In the past semester, did anyone in your school teach you that smokers would have yellow teeth, wrinkles, or bad smell? (Yes)            
No         0.99 (0.67-1.46) 1.05 (0.69-1.62)
In the past semester, did anyone in your school teach you skills on how to refuse smoking? (Yes)            
No         1.09 (0.72-1.65) 1.12 (0.70-1.79)
Do you often see anti-smoking information on campus? (very often)            
None         1.80 (1.16-2.79) 1.16 (0.71-1.91)
Some times         1.43 (0.95-2.16) 1.13 (0.72-1.78)

Table 2: Estimated Odds Ratio (95 % confidence interval) of smoking susceptibility among boys.

Findings from our study also suggested that school interventions were largely ineffective at preventing student susceptibility to smoking, which is consistent with some existing literature. For example, a meta-analysis on smoking prevention programs revealed that programs focused on delivering knowledge about smoking stopped being effective one year post program, although those oriented towards behavioral change remained in effect over a period of three years [25]. Similarly, a review of adolescent smoking prevention programs in South Korea reported that the effectiveness of knowledge-based smoking prevention programs were lower than expected [26]. We are aware that most of the survey questions in our study referred to programs and campaigns that had taken place within the previous semester. A systematic review of school-based smoking prevention programs found that brevity is one of the main reasons of program failure and that for programs to have long-term practical effects, they must be carried out in at least fifteen sessions over several years, also continuing into high school [27].

Characteristics Model 1-Knowledge Model 2- Attitude Model 3- Peer Model 4- Family Model 5- School Model 6- Overall
Area (Rural)            
Urban 1.20 (0.55-2.61) 1.07 (0.49-2.33) 1.29 (0.58-2.89) 1.26 (0.58-2.70) 1.29 (0.58-2.88) 1.27 (0.52-3.13)
Sub-urban 1.33 (0.57-3.14) 1.27 (0.54-3.03) 1.56 (0.64-3.75) 1.34 (0.58-3.11) 1.34 (0.57-3.17) 1.38 (0.52-3.68)
Grade (8th)            
7th 0.31 (0.18-0.53) 0.35 (0.20-0.60) 0.47 (0.27-0.82) 0.34 (0.20-0.58) 0.32 (0.19-0.54) 0.41 (0.22-0.77)
Do you think smoking can cause the following diseases:
Bronchitis (Yes)            
No 1.39 (0.69-2.78)         1.12 (0.48-2.61)
Hypertension(Yes)            
No 0.64 (0.36-1.13)         0.73 (0.38-1.38)
Lung cancer (Yes)            
No 3.73 (1.69-8.24)         2.64 (0.94-7.45)
heart attack (Yes)            
No 1.23 (0.67-2.26)         1.00 (0.51-1.97)
Stroke (Yes)            
No 0.63 (0.36-1.10)         0.74 (0.39-1.41)
Do you think smoking can help people relax? (No)            
Yes   3.29 (1.88-5.78)       2.37 (1.24-4.53)
Do you think smoking boys are more attractive? (No difference)            
More attractive   0.51 (0.16-1.57)       0.48 (0.13-1.81)
Less attractive   0.49 (0.25-0.97)       0.63 (0.30-1.30)
Do you think smoking girls are more attractive? (No difference)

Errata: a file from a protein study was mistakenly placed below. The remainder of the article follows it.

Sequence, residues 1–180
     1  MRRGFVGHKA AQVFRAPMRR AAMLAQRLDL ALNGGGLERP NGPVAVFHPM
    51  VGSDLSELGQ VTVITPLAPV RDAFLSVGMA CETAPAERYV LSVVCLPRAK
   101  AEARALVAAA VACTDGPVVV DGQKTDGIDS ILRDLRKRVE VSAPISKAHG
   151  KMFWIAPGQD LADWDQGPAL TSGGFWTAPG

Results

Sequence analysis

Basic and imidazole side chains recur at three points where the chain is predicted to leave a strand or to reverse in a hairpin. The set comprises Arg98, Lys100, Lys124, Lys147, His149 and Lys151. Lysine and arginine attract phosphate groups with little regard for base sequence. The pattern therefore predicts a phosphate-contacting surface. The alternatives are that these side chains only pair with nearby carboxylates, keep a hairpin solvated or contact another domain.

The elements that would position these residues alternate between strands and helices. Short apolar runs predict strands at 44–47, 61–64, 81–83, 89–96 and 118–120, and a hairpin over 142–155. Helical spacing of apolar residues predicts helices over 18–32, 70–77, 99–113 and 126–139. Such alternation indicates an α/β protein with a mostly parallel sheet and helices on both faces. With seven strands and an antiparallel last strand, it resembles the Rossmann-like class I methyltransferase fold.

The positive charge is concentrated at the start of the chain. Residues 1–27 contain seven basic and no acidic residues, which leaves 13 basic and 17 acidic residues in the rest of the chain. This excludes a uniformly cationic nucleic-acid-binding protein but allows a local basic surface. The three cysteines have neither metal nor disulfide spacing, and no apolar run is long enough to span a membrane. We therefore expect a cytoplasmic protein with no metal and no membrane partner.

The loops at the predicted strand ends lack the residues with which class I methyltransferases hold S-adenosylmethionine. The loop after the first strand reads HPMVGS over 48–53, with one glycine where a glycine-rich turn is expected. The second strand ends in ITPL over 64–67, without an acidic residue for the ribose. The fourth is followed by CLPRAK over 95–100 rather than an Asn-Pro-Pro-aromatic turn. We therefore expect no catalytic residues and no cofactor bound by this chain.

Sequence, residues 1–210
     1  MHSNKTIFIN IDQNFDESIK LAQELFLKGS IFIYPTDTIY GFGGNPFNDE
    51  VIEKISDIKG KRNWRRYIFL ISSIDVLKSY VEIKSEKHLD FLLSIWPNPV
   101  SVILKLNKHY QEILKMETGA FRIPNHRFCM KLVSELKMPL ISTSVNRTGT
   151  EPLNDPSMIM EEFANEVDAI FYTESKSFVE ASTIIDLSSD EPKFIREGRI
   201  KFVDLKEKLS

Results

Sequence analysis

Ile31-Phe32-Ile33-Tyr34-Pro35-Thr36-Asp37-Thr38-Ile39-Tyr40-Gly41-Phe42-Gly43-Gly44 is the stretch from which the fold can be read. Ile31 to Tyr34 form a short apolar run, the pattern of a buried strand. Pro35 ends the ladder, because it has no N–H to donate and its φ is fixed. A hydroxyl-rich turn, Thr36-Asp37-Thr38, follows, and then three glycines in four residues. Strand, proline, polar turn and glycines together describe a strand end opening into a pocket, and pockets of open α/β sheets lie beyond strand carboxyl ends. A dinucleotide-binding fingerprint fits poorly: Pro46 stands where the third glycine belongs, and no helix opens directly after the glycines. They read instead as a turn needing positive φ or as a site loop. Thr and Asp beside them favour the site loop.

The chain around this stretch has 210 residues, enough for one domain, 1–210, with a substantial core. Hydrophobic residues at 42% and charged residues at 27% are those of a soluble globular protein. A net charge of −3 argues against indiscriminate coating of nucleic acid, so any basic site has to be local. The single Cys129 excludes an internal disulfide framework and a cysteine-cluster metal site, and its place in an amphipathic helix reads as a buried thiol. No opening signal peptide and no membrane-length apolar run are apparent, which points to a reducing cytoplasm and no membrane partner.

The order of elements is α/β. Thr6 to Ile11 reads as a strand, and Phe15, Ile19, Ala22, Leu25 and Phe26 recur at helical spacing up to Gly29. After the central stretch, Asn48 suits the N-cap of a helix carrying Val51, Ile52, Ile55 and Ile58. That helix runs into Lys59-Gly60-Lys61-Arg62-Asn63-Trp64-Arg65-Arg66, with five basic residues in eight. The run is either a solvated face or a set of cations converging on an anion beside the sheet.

More attractive   5.30(2.13-13.16)       3.69 (1.33-10.25)
Less attractive   1.06 (0.49-2.26)       1.03 (0.45-2.23)
As far as you know, does any of your friends or classmates smoke? (Most of or all)            
None     0.09 (0.03-0.27)     0.26 (0.07-0.96)
Some     0.33 (0.11-0.97)     0.67 (0.17-2.57)
Do you think your parents would not mind your smoking after you grow up? (Yes)            
No       0.51 (0.24-1.09)   0.79 (0.30-2.06)
In a typical week, how many days do people smoke in your presence at home? (1-7 days)            
None       0.51 (0.30-0.86)   0.63 (0.34-1.17)
In the past week, did you see your teachers smoking? (Yes)            
No            
In the past semester, did the school distribute any tobacco control material to you? (Yes)            
No         0.77 (0.41-1.46) 1.14 (0.53-2.44)
In the past semester, did you watch any video or TV program on tobacco control on campus? (Yes)            
No         1.13 (0.54-2.34) 1.12 (0.49-2.59)
In the past semester, did anyone in your school teach you that smokers would have yellow teeth, wrinkles, or bad smell? (Yes)            
No         0.92 (0.50-1.67) 0.89 (0.45-1.77)
In the past semester, did anyone in your school teach you skills on how to refuse smoking? (Yes)            
No         0.77 (0.41-1.44) 0.84 (0.42-1.69)
Do you often see anti-smoking information on campus? (very often)            
None         2.05 (1.01-4.15) 1.16 (0.51-2.66)
Some times         1.19 (0.63-2.23) 0.78 (0.39-1.56)

Table 3: Estimated Odds Ratio (95 % confidence interval) of smoking susceptibility among girls.

Caution should be exercised with these findings. First, the susceptibility to smoking was self-reported, and may be subjected to students’ reluctance to disclose their future intention of smoking [28], despite the appropriate methods, such as anonymity of questionnaires and absence of teachers from the classroom when the surveys were administered. Second, as a cross-sectional study, the findings from this study should not be considered causal. For example, the positive association between peer smoking behaviors and susceptibility to smoking of the respondent may not be due to peer effect, but rather to peer selection, being that youth who have not made a firm commitment not to smoke are more likely to have friends who are smokers.

Despite these limitations, the evidence from this case study suggested that susceptibility to smoking may be shaped by a complicated process, in which the interplay of many factors, including social norms, peer, family, and school, may play a role [1,29]. It may therefore be recommended that interventions aimed at curbing youth smoking initiation should be grounded in a comprehensive and long-lasting model, which may effectively change the psychological motivations underlying adolescent smoking intentions and behaviors [30,31], and build communication and decision-making skills, as well as assertiveness training to resist the negative influences of peers, family, and the community [1,11,29].

References

Select your language of interest to view the total content in your interested language
Post your comment

Share This Article

Relevant Topics

Recommended Conferences

Article Usage

  • Total views: 12516
  • [From(publication date):
    specialissue-2013 - Feb 24, 2020]
  • Breakdown by view type
  • HTML page views : 8675
  • PDF downloads : 3841
Top